He is also extremely protective of you should you fall. “It’s these shoes,” he will say, looking for the culprit that hurt his baby. “My baby fell,” he will say, telling me about how you tripped and bit your lip. He feels your pain. A rash, a bruise, a scrape. The smallest ouchies worry him because he hates to see you in pain, and he will do anything to make it “better.”

He is your knight in shining armor, Miss Lexa. He will always be there for you, always.

Let Me Tell You About Your Daddy • Little Gold Pixel

He’s not afraid to be silly, to make funny noises or flop around on the ground and let you crawl all over him. He will play games with you. He will read books with you even though he doesn’t want you to affect his (nonexistent) accent. When you grab his hand, with the same strong grip as on your birth day, he will dance with you to the Yo Gabba Gabba breakdown.

I arrived home early recently and caught the two of you curled up in the chair, Daddy pointing out animals in one of your books while you rested your head contentedly on his shoulder. My little Daddy’s Girl. You already have him wrapped around your finger.

Xoxo,
Mommy

Let Me Tell You About Your Daddy • Little Gold Pixel

When She Needs Me

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H was awake, getting ready for work. I was groggy, half asleep and half awake because I could hear him making quiet moves that the early-morning hour somehow amplifies. “Shh!” I shush in my half-sleep. Then I hear the cough coming from Alexa’s room.

I try to tell myself it’s a one-off, just a little cough as she readjusts herself in her crib. But mamas know when our babies are sick, we just do. It’s one of those mama things, like having eyeballs in the back of our heads. I also knew it was the end of my sleep. A 5:30 call to tend to the little one. She needed me.

She was distraught, snotty and feverish. I rocked her for an hour, a sheet covering the two of us. H brought milk, water, cold compresses, coffee for me. We knew one of us would stay home with her. This time it was H’s turn to hold her all day long, to comfort her when her nose ran and her throat got scratchy, to ensure that she had blankets and binkies and Gabba episodes to distract her.

It was hard to walk out the door that day, even though I knew she was in excellent hands with her papa. Just knowing she needed me made my heart ache.

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She felt better within a few days, but I’ve still got the cough she passed along to me. Every time she gets sick I manage to catch it, too, and I know it’s because I am a softie. I can’t stop myself from kissing her cheeks and snuggling in close. Not when she needs me.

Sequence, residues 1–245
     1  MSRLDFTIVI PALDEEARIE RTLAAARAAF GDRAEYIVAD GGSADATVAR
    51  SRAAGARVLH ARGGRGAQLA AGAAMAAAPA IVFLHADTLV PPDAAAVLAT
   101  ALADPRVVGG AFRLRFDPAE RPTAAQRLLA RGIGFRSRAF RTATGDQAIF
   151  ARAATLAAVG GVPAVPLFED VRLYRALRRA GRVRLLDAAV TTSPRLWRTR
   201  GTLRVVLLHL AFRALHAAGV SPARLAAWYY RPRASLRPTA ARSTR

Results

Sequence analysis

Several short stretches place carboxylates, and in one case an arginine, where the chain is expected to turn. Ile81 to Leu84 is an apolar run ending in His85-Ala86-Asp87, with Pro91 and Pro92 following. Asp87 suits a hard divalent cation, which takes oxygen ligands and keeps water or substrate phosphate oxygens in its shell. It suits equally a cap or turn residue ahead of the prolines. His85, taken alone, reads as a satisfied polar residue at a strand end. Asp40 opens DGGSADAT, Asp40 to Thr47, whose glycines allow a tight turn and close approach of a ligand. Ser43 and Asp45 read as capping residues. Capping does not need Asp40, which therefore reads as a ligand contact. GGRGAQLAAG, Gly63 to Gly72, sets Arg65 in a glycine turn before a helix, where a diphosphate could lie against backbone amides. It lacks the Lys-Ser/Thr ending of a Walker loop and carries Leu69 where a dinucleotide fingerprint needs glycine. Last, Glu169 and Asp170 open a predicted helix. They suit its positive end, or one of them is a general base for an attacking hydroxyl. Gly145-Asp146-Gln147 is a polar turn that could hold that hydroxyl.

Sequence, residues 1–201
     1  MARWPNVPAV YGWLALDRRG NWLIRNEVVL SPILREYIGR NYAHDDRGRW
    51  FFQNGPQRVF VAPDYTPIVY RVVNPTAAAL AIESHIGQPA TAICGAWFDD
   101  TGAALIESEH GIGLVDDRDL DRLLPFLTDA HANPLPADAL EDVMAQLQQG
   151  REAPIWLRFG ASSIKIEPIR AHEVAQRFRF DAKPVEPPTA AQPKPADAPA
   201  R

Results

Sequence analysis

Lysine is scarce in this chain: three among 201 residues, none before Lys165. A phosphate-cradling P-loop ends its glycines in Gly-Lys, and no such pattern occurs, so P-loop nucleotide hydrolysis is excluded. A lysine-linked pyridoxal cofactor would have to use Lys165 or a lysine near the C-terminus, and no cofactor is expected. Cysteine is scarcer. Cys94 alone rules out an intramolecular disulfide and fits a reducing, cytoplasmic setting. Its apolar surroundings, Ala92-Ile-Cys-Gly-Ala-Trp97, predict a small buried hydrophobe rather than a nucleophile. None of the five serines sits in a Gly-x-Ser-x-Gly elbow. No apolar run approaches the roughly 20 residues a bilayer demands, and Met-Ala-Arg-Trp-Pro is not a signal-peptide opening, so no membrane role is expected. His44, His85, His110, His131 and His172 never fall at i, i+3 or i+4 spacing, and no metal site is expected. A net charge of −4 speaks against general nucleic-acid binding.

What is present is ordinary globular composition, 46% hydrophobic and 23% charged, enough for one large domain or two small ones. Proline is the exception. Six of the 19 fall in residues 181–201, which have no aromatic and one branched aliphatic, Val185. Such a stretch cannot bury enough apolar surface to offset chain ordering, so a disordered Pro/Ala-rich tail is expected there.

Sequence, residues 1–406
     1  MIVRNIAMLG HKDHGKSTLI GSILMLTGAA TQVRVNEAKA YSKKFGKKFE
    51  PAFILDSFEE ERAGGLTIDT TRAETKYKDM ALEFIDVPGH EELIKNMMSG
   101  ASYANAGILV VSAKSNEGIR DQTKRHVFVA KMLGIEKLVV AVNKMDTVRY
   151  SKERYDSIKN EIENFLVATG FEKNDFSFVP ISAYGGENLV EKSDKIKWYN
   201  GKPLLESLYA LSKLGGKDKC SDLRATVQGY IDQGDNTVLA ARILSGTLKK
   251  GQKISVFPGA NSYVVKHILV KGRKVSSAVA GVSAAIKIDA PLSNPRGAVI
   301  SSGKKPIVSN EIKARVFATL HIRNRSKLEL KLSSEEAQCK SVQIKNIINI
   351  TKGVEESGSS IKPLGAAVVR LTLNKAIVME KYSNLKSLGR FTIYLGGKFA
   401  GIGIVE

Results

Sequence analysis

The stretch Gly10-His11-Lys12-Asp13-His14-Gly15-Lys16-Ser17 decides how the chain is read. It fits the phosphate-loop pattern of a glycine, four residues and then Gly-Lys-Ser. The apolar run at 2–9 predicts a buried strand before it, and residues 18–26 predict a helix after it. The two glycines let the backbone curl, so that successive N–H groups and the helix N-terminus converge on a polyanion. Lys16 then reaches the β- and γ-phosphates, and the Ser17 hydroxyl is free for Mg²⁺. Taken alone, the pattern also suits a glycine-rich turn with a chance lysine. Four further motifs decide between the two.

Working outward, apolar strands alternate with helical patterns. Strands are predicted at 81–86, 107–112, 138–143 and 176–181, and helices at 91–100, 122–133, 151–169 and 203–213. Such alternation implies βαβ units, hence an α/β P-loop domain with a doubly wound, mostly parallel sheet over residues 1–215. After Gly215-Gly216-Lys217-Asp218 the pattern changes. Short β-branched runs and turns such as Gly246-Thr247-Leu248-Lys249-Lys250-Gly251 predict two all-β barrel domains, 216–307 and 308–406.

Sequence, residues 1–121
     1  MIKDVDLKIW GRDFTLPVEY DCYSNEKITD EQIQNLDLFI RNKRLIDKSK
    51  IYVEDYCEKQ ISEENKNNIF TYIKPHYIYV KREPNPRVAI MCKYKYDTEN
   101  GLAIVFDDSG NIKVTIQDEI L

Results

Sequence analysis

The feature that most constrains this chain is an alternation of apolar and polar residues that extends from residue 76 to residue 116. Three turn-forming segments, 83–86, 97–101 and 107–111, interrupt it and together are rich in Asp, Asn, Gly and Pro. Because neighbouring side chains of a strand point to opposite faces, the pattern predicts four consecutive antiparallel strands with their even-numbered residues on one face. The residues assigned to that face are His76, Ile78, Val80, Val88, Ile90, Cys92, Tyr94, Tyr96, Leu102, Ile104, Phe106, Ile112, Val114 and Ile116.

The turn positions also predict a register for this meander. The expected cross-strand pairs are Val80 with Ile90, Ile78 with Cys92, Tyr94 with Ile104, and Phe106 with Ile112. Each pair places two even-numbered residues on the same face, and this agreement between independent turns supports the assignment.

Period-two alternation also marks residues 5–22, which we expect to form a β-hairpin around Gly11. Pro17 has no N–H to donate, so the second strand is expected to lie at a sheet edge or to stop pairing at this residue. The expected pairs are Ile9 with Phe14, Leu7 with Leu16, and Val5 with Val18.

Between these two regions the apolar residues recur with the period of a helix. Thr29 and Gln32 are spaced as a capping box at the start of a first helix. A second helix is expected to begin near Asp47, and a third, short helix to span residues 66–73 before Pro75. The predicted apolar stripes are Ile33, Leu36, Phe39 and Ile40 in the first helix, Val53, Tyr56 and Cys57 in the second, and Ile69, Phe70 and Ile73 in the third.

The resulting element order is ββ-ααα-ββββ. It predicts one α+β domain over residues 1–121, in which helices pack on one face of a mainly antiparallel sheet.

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How to Cut the Cable Cord and Never Look Back

Cut the Cable Cord • littlegoldpixel.com

At first I felt guilty. I mean, I work in the entertainment industry. I worried that it would be something I’d have to hide, like a secret so heinous that I would have to bury it in the closet under dirty laundry and that shoe I can never find and never, ever mention it around my colleagues.

But then we did it. We cut the cable cord.

Why?

Digital cable + box “fees” + “variety” tier (whatever the hell that meant; we didn’t have very many good channels, anyway) + Internet + two pay-per-view movies per month = $200+, that’s why.

That’s $2,400 a year we could put into savings instead.

It felt strange at first, I admit. I worked for a cable company when I was in college, so I still harbor some odd allegiance to the blood-sucking bastards, and I grew up watching MTV and HBO, so this is essentially the first time since the 1980s that I do not have access to Kurt Loder. There was a fair amount of cable addiction going on in our house (just ask H).

What I didn’t anticipate is that killing that addiction is not difficult. And it’s becoming a trend. If you’re on the fence, I can 100 percent, without-a-doubt, tell you it is worth it. Here are some of the ways we stay current and entertained without cable.

  • Netflix, $8.99 a month

This pays for itself in “Yo Gabba Gabba” streaming alone. We love Netflix for its TV archive, including “The X Files,” “Prison Break,” “Melrose Place” “The A Team,” “MacGyver,” “Quantum Leap,” “Top Gear,” “My So-Called Life” and, of course, “Jem.” She’s truly outrageous. Also, it made my 100 Movies project possible, and I’ll be forever grateful.

  • HDTV antenna, $30-$100

We bought this model, and we have access to loads of local channels we didn’t even know existed. For instance, did you know there’s a channel called This TV, and it airs all kinds of obscure and hilarious movies from the 1980s? Score!

  • Amazon Instant Videos, some titles free with Prime membership ($99 per year) + ability to pay per view for new movies/shows

When you have diapers shipped monthly to your place, it pays to have Prime membership. Also, free videos via Amazon’s video service. It’s where I found some of my favorite random midcentury movies.

  • YouTube app via Playstation 3, free

This might be perhaps the only way I have ever really enjoyed doing anything with YouTube (online I find it clunky and unsearchable a lot of the time). But high-res, on our bigscreen, this app allows us to easily watch alien conspiracy clips, music videos, viral novelties and full-length movies.

  • Watch TV shows online, free

I love this site for watching entire series, beginning to end (this has been particularly helpful for “Pretty Little Liars” and “Weeds”). Also, if you’re on top of it, you can just go to the network’s website and watch episodes of your favorite shows that have recently aired.